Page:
A recent family court outcome is being heralded as a victory for families who choose an alternative lifestyle. The case resulted in shared custody of a 10-year-old boy between a man and two women. For those in Louisiana who have crafted families that are unconventional, this case gives hope that courts are becoming more sensitive to the many different ways that families are constructed, and to the need for new approaches to recognition of parentage.
When two Louisiana parents share a child but are no longer romantically involved, there is usually an agreement in place that outlines the division of parenting time and responsibilities. Over time, that agreement might need to be modified if circumstances change or if the custody or visitation arrangement is not in the best interests of the shared child. An example is found in the case of a father who is seeking a greater degree of responsibility after his daughter gained notoriety after an appearance on a talk show.
Louisiana men are not always sure that they are the father of a child. Men request paternity tests to verify whether they fathered a woman's child. Sometimes those tests have surprising results.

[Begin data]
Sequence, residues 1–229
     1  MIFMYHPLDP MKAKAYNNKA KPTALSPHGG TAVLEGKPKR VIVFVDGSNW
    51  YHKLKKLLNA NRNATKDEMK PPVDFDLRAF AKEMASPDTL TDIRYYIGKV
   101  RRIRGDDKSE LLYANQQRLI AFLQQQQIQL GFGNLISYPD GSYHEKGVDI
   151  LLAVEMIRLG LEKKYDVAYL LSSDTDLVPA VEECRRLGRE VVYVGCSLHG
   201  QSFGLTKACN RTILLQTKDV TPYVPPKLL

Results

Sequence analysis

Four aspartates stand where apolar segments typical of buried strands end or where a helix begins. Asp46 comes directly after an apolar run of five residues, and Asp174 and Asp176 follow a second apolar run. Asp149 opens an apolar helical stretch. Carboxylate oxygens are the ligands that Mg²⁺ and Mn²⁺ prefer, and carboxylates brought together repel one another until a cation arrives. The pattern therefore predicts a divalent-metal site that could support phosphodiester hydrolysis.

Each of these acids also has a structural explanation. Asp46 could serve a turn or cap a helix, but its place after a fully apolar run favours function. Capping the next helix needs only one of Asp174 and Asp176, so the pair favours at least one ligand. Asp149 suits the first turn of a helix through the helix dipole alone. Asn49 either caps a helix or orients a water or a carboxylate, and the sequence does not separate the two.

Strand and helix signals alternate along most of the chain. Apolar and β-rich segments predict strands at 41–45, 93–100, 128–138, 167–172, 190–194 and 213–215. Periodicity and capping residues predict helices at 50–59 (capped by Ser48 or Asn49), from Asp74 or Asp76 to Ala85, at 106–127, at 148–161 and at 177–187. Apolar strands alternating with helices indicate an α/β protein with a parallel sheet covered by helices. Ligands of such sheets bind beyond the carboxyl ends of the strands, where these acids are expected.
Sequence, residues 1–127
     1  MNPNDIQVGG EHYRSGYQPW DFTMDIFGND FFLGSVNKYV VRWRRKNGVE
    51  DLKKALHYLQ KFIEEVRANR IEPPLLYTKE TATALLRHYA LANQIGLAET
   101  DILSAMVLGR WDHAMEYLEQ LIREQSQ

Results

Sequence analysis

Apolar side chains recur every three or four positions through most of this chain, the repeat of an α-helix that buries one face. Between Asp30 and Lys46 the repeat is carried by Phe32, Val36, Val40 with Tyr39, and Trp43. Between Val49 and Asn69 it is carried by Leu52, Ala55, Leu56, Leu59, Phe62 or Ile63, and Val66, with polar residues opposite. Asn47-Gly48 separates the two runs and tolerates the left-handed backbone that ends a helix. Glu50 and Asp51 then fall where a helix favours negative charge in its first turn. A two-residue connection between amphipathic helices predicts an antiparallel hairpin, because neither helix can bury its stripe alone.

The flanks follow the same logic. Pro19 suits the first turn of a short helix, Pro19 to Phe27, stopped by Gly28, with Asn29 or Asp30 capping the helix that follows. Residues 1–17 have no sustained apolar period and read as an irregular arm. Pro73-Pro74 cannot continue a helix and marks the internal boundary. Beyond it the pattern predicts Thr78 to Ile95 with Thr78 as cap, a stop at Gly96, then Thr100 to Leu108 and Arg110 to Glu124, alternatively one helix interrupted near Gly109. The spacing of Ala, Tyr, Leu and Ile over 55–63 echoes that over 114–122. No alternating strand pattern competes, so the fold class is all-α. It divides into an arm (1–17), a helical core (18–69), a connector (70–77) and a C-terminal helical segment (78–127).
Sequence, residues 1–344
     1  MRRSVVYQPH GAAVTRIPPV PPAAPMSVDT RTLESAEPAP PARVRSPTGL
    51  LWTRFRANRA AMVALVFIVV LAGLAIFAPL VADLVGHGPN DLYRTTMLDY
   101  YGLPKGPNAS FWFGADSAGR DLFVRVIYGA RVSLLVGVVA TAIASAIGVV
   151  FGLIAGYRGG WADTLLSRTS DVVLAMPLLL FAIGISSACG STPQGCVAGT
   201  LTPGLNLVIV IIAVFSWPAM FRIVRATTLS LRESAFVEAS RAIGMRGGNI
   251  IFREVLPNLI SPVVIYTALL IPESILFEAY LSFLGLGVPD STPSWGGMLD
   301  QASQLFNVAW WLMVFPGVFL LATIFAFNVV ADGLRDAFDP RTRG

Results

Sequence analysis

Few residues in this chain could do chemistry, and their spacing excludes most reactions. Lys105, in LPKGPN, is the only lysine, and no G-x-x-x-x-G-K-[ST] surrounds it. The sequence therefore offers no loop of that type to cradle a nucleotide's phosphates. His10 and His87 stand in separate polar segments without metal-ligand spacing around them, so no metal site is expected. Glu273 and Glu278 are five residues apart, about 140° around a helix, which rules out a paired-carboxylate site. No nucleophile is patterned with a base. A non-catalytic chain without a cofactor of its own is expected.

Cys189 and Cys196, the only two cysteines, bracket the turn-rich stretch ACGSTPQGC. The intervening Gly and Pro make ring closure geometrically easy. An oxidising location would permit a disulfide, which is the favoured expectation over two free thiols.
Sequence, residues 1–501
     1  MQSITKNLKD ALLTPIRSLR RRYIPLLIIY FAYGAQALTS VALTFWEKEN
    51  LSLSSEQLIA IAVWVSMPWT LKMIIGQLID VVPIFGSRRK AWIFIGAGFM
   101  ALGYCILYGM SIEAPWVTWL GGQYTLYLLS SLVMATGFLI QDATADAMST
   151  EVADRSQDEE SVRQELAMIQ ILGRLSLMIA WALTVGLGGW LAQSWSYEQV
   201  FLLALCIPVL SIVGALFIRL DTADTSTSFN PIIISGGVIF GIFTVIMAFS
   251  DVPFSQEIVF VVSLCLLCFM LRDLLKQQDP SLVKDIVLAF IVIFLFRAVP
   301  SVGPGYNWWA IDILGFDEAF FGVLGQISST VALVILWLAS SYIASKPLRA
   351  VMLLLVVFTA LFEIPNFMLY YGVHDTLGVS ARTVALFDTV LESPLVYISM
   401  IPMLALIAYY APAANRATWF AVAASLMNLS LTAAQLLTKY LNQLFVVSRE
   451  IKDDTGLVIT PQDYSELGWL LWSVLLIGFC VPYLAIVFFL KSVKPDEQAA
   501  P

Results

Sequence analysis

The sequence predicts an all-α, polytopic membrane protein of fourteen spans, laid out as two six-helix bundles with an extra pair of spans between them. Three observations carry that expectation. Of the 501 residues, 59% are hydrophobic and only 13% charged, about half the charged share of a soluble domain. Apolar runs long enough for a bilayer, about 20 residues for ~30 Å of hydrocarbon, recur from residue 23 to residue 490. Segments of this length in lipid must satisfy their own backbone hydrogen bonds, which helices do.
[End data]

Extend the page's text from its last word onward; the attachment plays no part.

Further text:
Before medical testing, such as DNA testing, men relied almost exclusively on the mother of a child to tell them whether they were her baby's father. Even today, many unmarried men here in Louisiana believe that they are the fathers of children based on their trust in the mother. However, the question of paternity is not always an easy one, and if a man discovers that he might not be the father, he will need to take legal steps in order to have his name removed from the birth certificate if he is already identified as the biological father.
Many Louisiana parents realize at some point that their relationship is not going to last. Whether married or unmarried, when they go their separate ways, working out child custody and visitation issues become a priority. Each parent might believe that he or she knows what is best for the children, which could lead to a contentious court battle.
The National Center for Health Statistics estimates that about 40 percent of all births are to unmarried women in our country.